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Battling Ulster set up Aironi date with destiny


Ulster's Ian Humphreys kicks a penalty to help his side to victory over Biarritz at Ravenhill on Saturday. Photo: Oliver Mcveigh / Sportsfile

Ulster's Ian Humphreys kicks a penalty to help his side to victory over Biarritz at Ravenhill on Saturday. Photo: Oliver Mcveigh / Sportsfile

Ulster's Ian Humphreys kicks a penalty to help his side to victory over Biarritz at Ravenhill on Saturday. Photo: Oliver Mcveigh / Sportsfile

A valiant Ulster performance, rich in traditional values of spirit and commitment.

There was even the drama of Ian Humphreys' third and final penalty goal from 52 metres, minutes from the end, which won the match to tumultuous acclaim.

And yet you saw the reality on the faces of the Biarritz players and coaches at the finish.

Ulster, although still well placed to reach the last eight as one of the two best runners-up, had probably missed their great chance of a home quarter-final in the Heineken Cup. Now, the fate of the pool lies in the hands of the Basque club. A bonus-point victory over Bath this weekend in south-west France will seal their qualification because they have a massively superior one-on-one record against Ulster.

The men of Biarritz knew it as they hurried away for their flight home. "We are still alive, although we have to play a very good game against Bath next week," said their attack coach Jack Isaac.

"The bonus point was important. In the first half we were terrible; we just played very poorly. We completely missed out because even though we had the wind at our backs, we played almost the whole first 40 minutes in our half. That was crazy and our kicking was terrible.

"It was one of those very strange games where the team that had the wind at their backs, played mostly in their own half."

There was a reason for that: shocking kicking and dreadful tactics. With the gale at its height behind them in the first half, Biarritz were, at one stage, trying to drive off the fringes of ruck and maul 70 metres from the Ulster line, to make the occasional yard or two. It didn't seem to occur to them to kick the ball deep into the opposition 22, wind assisted, and attack from there.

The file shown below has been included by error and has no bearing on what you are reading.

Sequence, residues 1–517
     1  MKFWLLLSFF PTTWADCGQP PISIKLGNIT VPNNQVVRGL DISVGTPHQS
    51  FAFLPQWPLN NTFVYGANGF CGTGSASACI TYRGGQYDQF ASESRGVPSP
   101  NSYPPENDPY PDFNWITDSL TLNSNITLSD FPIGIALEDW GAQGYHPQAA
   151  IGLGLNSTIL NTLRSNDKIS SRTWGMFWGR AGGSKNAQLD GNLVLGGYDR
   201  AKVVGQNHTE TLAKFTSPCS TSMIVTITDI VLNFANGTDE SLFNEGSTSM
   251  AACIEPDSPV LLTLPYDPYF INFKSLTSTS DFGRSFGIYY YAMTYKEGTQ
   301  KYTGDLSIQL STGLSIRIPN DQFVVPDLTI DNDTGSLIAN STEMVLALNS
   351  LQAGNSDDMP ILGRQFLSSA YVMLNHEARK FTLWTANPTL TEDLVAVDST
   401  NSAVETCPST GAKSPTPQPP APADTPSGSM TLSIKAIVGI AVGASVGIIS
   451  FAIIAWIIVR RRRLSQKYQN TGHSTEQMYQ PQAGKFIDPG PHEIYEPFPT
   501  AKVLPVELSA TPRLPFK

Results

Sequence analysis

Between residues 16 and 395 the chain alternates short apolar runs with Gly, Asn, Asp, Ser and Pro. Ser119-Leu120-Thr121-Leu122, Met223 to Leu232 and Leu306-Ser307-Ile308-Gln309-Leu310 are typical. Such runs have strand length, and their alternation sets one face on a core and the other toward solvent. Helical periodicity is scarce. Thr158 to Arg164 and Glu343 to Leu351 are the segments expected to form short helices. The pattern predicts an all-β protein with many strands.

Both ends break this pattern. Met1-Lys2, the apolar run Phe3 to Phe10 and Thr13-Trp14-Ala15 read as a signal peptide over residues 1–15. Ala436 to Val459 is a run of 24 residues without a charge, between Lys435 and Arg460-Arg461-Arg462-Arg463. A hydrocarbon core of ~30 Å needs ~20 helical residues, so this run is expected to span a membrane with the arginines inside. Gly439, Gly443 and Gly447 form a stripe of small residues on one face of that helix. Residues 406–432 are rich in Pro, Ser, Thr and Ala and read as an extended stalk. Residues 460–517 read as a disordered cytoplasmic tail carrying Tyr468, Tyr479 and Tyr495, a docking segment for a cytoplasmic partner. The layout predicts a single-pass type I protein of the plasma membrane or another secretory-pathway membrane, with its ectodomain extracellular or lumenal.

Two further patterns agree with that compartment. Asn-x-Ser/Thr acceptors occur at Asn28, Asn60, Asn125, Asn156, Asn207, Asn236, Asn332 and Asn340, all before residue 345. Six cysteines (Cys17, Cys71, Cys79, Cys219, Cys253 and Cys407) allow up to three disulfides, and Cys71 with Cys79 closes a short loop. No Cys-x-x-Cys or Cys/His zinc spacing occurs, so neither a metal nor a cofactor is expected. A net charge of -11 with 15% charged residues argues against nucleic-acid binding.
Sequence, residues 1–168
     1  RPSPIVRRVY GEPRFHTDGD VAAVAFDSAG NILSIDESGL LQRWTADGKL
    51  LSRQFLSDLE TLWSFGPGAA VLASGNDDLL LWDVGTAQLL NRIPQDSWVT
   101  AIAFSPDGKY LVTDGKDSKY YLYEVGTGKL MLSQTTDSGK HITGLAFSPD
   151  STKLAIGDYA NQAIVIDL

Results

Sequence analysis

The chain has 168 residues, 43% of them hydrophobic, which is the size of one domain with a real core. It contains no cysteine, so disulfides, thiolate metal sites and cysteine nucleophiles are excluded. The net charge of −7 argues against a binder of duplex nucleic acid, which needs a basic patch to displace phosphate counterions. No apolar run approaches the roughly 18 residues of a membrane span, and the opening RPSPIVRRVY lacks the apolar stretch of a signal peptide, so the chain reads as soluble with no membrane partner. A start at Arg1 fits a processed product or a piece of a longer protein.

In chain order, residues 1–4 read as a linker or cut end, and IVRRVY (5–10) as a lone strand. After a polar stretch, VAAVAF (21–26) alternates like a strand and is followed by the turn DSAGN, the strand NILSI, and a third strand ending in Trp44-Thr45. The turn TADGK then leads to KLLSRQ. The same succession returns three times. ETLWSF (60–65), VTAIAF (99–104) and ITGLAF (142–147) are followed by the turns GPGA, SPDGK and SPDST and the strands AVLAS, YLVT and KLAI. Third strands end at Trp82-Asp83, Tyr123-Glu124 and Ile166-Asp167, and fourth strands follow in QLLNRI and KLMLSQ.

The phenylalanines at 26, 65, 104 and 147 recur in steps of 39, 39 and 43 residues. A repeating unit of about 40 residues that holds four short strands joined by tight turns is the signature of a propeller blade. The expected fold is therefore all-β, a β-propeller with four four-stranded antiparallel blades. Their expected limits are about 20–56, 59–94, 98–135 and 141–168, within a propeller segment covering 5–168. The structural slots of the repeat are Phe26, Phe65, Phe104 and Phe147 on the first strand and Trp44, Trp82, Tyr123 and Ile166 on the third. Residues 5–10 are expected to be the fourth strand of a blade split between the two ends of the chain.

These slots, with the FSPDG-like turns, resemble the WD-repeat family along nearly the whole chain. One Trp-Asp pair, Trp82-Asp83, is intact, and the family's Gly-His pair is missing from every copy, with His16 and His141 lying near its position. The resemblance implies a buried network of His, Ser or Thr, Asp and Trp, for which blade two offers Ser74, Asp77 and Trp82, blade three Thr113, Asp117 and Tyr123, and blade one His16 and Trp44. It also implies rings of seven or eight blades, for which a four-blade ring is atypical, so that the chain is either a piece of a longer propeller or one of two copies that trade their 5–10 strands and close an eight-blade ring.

At half-time, a 6-0 advantage to Biarritz had appeared wholly inadequate. And it would have been had Ulster not also failed to kick for the corners and apply relentless pressure. Ruan Pienaar managed it once, with a brilliant kick into the right-hand corner. But alas for Ulster, that was a rare moment of precision.

Too many kicks either went out on the full, rolled over the dead-ball line or went down the throat of the Biarritz full-back. It proved ruinously wasteful. By a considerable margin, Ulster had been the better team before half-time. But they weren't thereafter.

Just as the Ravenhill full house expected an all-encompassing second-half performance to sweep Biarritz away, the Basques revived, driving the ball on relentlessly up front into the elements, and demonstrating the patience and technique Ulster had earlier lacked in squandering some try-scoring chances.

Only heroic defence foiled a prolonged, brutally physical assault by the French forwards in a final quarter dominated by the visitors. Yet in a rare lapse, Biarritz conceded the penalty which enabled Humphreys to steer his long-range kick through the posts for victory.

It was enough to secure the win but it is doubtful that it will be enough to win the group.

And an inquest into Ulster's inadequacies is appropriate. They were short on composure near the opposition line, fumbling, knocking on or just squandering some clear try-scoring chances in either half.

It seemed as though the crowd's impatience spread to the players for they lacked both the calm, cool aplomb to make opportunities count, as well as any invention.

By the end, this clearly cost Ulster a significant win that would have sent them to Italy this Saturday with the fate of the pool in their hands. As it is, they know that even a bonus-point victory may not be enough if, as expected, Biarritz skin Bath at Stade Aguilera.

Ulster coach Brian McLaughlin said: "All we can do is concentrate on beating Aironi in Italy next weekend. But they are a combative side and that won't be easy. If we do that and even if we score four tries and that's not enough to win the pool, then so be it.

"But today it was our character and it was the trust we put in each other that pulled us through in a very difficult game."

Ulster -- A Darcy; A Trimble, N Spence, P Wallace, S Danielli; I Humphreys, R Pienaar; T Court, R Best (N Brady 74), BJ Botha (D Fitzpatrick 70), J Muller, D Tuohy, S Ferris, P Wannenberg, W Faloon (C Henry 72).

Biarritz -- D Haylett-Petty; T Ngwenya, M Bosch (M Bond 8), L Tranier, I Balshaw (I Bolakoro 50); D Traille, D Yachvili; E Coetzee (Y Watremez 67), B August, S Marconnet, J Thion, E Lund, M Lund, R Lakafia, I Harionordoquy (capt) (S Vahafoloa h-t).

Ref -- N Owens (Wales).

Irish Independent